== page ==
Separated and Non-Cooperative Parents and Public School Fee Exemptions

What are Public School Fee Exemptions?

In terms of the South African Schools Act No. 84 of 1996 read with the Exemption Regulations, a parent at a fee-paying public school is entitled to apply for an exemption from paying their school fees or part of the fees. This fee exemption, in most instances, is determined by the school using a formula in which the annual fees are measured as a proportion of the “combined annual gross income of parents”, with certain allowances for multiple children at fee-paying public schools.


The Challenge with Separated Parents and Exemptions

Unfortunately, the Exemption Regulations are not a beacon of clear legislative drafting. With the liability to pay for school fees being joint and several between parents and the exemptions requiring combined annual gross income of parents, one of the failings of the Exemption Regulations is to not clearly deal with the scenario of separated parents’ cooperation in applying for an exemption together. In many instances, separated parents are alienated from one another. In some of these situations, one parent is willing to provide the requisite financial information to process the exemption, while the other is not.


The Supreme Court Case that Dealt with the Issue

This was the case for Mrs. Saffer in the matter of  Head of Department: Western Cape Education Department & another v S (Women’s Legal Centre as Amicus Curiae) (1209/2016) [2017] ZASCA 187 (13 December 2017). The solution found by the Supreme Court of Appeal to deal with this scenario was to use the conditional exemption provisions of the Exemption Regulations, in dare we say, a very creative manner.

The criteria for a conditional exemption laid down to apply to separated parents in the case can be summarized as follows:

  1. Two living parents of a learner at a fee-paying school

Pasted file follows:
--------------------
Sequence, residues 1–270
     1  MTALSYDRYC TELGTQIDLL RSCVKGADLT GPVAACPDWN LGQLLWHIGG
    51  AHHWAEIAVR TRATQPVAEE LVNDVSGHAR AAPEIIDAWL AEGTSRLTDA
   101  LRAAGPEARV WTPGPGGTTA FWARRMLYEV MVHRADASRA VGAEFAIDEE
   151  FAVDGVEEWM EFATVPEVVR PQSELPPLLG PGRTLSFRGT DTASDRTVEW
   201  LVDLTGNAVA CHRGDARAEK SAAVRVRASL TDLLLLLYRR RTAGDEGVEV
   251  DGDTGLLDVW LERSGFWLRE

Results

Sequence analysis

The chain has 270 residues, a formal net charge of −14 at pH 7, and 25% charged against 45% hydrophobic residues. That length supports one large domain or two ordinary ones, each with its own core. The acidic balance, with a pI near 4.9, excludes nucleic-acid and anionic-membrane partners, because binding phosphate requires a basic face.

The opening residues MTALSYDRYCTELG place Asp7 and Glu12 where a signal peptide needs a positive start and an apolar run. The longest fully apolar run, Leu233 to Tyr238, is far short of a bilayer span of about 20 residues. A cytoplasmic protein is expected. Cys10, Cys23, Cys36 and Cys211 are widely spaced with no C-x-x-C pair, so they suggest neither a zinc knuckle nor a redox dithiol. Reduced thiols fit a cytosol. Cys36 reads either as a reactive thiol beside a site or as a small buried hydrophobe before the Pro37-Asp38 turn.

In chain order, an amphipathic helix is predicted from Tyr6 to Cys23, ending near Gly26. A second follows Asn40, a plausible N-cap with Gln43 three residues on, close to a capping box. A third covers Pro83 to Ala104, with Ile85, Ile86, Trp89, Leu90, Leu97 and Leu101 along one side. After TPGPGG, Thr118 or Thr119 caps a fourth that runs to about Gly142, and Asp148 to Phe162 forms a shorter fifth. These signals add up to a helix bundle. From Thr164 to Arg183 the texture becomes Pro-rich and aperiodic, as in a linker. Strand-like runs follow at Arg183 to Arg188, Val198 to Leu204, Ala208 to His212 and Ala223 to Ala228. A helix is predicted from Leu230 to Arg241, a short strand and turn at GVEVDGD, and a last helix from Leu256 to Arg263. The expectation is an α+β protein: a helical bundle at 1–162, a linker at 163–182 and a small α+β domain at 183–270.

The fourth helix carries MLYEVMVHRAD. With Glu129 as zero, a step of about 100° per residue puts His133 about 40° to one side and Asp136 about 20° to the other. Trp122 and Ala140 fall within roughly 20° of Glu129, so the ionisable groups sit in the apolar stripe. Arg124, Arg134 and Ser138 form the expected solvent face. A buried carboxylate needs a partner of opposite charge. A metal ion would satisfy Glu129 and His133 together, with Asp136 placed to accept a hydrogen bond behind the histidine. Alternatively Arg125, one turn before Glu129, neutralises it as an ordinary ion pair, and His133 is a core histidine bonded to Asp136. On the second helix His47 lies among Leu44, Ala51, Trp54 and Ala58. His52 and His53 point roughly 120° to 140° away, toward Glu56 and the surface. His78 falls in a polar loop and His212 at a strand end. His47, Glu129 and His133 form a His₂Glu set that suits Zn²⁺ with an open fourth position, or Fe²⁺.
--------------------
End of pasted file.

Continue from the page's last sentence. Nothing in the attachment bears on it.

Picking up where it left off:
2. One applies for an Exemption
  3. The applying parent gives the particulars of their annual gross income
  4. There are no particulars of the other parent’s income because the other parent has refused or failed to provide the particulars to the parent applying or the school
  5. Having regard to the applying parent’s income alone, they would qualify for a full or partial exemption

The case held that if these 5 criteria are met, then the applying parent is entitled to a conditional exemption. This conditional exemption is then granted on the following conditions:

“(c) When granting such a conditional exemption the governing body shall impose conditions to the effect that the applicant for the exemption:

  • must report to the school forthwith any increase in his or her gross annual income during the school year in question which, had it been his or her income at the time of making the application for exemption, would have disentitled him or her from receiving the total exemption granted to him or her or from receiving any partial exemption granted to him or her;
  • must, on demand from the governing body, pay on reasonable terms to be determined by the governing body after giving him or her the opportunity to make representations, the school fees, or the portion of the school fees for which he or she would have been liable in terms of the Regulations based on his or her increased gross annual income;
  • shall not be liable to make any such payment unless, during the school year in question, his or her gross annual income increases to such an extent that, had it been his or her income at the time of making the application for exemption, he or she would have been disentitled from receiving the total exemption granted to him or her or from receiving any partial exemption or he or she would have been entitled only to a lesser partial exemption than the one granted to him or her.”

            (Quoted from the judgment order)


News Article Misinterprets the Case